Bugs We Love Because They Help the Environment

Author: Mosquito Squad

According to the Florida Museum, insects amount for 80% of animal life on earth. The museum goes on to estimate that if a dollar amount was placed on the services insects provide, it would equal roughly $70 billion in the U.S. alone. With Valentine’s Day around the corner, many of us are thinking of that special someone in our life and are considering ways to show them just how much they mean to us. At Mosquito Squad, we have a few special love bugs in mind. With the stats above in mind, allow us to confess our love for these 4 insects that help our environment.

Honeybees

Honeybees are a vital part of our food chain as they help pollinate our crops. On a global scale, there are more honeybees than any other type of pollinating bee or insect. In the United States alone, honeybee pollination impacts approximately $20 billion dollars’ worth of crops each year. Both international and domestic fruit and veggie crops are aided by honeybee pollination, including apples, cranberries, melons, broccoli, and blueberries.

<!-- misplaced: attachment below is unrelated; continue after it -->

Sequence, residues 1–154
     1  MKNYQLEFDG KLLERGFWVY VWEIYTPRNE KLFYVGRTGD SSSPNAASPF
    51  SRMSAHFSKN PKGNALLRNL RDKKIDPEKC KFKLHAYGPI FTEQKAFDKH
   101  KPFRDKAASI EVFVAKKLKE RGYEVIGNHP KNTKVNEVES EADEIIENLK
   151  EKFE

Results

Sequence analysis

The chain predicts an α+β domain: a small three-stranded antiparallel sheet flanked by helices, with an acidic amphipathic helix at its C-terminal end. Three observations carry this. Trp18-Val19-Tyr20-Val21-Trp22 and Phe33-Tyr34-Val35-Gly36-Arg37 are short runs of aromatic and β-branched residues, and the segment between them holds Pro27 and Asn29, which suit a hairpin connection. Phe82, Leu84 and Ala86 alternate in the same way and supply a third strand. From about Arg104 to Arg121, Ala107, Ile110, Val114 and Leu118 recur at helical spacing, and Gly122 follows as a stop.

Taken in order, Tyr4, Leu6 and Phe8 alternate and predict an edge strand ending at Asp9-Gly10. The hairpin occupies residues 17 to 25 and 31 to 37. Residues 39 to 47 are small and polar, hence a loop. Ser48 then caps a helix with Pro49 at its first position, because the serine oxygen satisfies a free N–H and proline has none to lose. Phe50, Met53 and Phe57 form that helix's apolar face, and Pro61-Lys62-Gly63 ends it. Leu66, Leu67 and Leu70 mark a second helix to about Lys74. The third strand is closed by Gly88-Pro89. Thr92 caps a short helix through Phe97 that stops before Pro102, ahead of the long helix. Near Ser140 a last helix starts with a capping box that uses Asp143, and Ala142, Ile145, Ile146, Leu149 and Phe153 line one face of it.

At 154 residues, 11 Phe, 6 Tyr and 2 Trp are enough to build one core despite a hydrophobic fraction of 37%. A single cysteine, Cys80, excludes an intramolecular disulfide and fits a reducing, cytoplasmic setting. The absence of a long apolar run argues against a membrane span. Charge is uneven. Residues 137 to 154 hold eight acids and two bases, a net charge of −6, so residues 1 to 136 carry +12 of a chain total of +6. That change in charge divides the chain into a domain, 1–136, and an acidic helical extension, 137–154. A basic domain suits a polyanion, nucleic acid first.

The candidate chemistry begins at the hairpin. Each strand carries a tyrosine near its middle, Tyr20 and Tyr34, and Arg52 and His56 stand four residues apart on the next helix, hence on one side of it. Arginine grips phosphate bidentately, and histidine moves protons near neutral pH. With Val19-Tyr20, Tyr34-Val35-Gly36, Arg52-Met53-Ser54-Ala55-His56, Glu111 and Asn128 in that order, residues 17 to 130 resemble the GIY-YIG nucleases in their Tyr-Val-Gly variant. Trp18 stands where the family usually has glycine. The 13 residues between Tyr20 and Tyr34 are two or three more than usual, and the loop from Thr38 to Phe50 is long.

Ladybugs

Ladybugs are often considered to be a sign of good luck; a superstition that may have originated amongst gardeners. No one would be surprised to find these little bugs in a garden, nibbling on the flowering plants. However, many are usually surprised to learn that ladybugs are fierce predators. They enjoy feeding on soft-bodied insects like spider mites, whiteflies, and aphids, making them important protectors of potato plants, sweet corn, peas, beans, tomatoes, and asparagus plants.

Ants

Ants go marching one by one… to turn and aerate the soil, allowing water and oxygen to reach plant roots. There are over 700 species of ants in North America and aside from swiping your snacks, they also transport seeds down to their tunnels where they eat a specific part of the seed. After the ants have enjoyed a portion of it, the seed sprouts and grows new plants. Ants also help to keep the ecosystem clean, helping to get rid of dead insect carcasses and aiding in the decomposition of both plant and animal matter.

Braconid Wasps

It’s rare that a parasite is considered to be a positive, but braconid wasps lend a helping hand to farmers and gardeners by being unconventional defenders of vegetable plants. The braconid wasp inserts its eggs into the host and the larvae then eat the host. Hosts include moth larvae, fly larvae, and beetles but the most notable host for a braconid wasp is the hornworm, which is a predator of tomato plants.

Not all insects are helpful. Mosquitoes and ticks can pose a threat to humans and pets due to the viruses they can transmit. For help defeating the ‘bad guys,’ contact your local Mosquito Squad today!